Back in January, a friend of mine forwarded me an email that she received from another friend about the effects of the dye/food coloring that is put in our foods here in America to make the foods "look right". It was very eye opening for me, and I'm proud to say that our house is 99% dye free now. I noticed right away the difference in my kids behavior, and now, when they do have any dye, the old behavior shines through.
Here is a little of what her email said, along with a link to a news clip and a comparison of foods from the US verses the UK.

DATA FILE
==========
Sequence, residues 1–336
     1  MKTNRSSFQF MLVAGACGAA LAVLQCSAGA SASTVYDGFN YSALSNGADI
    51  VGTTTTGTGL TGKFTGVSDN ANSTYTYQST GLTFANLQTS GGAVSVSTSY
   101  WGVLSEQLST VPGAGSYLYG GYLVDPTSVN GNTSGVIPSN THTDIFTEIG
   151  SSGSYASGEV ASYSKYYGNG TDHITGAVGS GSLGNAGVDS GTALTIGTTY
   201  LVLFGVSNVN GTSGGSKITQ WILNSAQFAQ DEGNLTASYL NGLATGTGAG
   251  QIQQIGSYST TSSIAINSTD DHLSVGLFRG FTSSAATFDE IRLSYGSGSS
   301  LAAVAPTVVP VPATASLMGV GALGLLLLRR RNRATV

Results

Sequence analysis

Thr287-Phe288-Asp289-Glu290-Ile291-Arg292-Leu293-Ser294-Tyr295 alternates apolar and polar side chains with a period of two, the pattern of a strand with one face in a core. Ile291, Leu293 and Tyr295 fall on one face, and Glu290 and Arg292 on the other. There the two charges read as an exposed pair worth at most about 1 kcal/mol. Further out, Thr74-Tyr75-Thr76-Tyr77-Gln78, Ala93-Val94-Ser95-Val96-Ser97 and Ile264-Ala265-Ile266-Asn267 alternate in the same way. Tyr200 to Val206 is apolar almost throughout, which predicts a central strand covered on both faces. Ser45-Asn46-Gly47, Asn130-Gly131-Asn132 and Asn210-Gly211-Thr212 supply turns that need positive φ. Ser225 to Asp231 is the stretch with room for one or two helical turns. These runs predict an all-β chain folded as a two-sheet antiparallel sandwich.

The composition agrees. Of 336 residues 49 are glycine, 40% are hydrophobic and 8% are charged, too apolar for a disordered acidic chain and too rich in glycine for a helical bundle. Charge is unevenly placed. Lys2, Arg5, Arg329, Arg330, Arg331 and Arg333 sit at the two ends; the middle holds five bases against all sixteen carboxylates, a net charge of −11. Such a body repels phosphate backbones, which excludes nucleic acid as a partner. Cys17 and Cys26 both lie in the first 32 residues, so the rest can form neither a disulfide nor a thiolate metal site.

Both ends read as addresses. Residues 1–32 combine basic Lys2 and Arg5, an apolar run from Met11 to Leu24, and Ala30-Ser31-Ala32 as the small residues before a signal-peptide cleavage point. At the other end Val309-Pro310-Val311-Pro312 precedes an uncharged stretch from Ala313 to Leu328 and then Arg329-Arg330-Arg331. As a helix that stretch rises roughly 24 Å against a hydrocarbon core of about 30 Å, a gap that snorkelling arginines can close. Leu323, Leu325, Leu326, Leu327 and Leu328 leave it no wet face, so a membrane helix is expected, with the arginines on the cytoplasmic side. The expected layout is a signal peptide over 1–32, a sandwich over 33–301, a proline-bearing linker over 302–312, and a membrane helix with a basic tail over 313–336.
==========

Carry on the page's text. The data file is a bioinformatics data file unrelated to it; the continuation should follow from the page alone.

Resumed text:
"Some of you are aware that in the past, I have pulled wheat & dairy from my kids diets. This scares a lot of people off & makes the implementation of our family's diet seem so obscure. We have integrated these foods back into their lives & had the opportunity to learn HOW the foods they eat effect their quality of life. The removal of wheat & dairy was a personal decision that I have never wanted to impose on others and it is not something that I promote as having negative impact on all children's bodies. The artificial additives, however, are the MAIN focus of change that I would love to see occur in ALL children's lives. People are unaware that the petroleum we put in our cars, the acids we pour in our pools, the mercury we talk about in fish, along with a host of other harmful additives is a reality in kids lunchboxes and meals EVERY DAY!! If you read a single food label & you can't pronounce it's ingredients, or worse yet, it has a color & # on it, put it back on the shelf!!! Go ahead, open up your pantry & be ready to be AMAZED!!! People live under the false assumption that if these dyes were harmful, they would not be allowed in our foods~ WRONG!! The FDA is funded and supported by a host of special interest groups. Their "special interests" primarily focus on lining their wallets with additional cash profits........ As you can see, I could go on & on!! Unfortunately, few Dr's even buy into the food dyes level of harmful repercussions. If your child has attention issues or irritability or behavior issues, I urge you to do some reading. One friend, kindly expressed how her heart went out to my efforts, but she couldn't identify b/c her kids did not suffer "attention issues" at school. My response was, "with all due respect, even though your child does not suffer from "attention issues", they DO suffer from the classroom interruptions of other children who have attention or behavior issues. Therefore, this effects ALL of us". The number of childhood diseases & the epidemic of obesity that is present in our nation today is only the beginning of what we will see in our children's generation. Many of the health issues we are seeing today were not prevalent when we were children. This is due in large part to the variety of chemical additives that go beyond the food dyes. The interesting part to all of this is that there are LOTS of ordinary foods that are GREAT choices for us to eat!!! It is not a full scale transition to organic foods (although, I DO think that this is the way to go!!). How many of you know that there is red dye in the apple you buy in the produce section????? It's CRAZY!!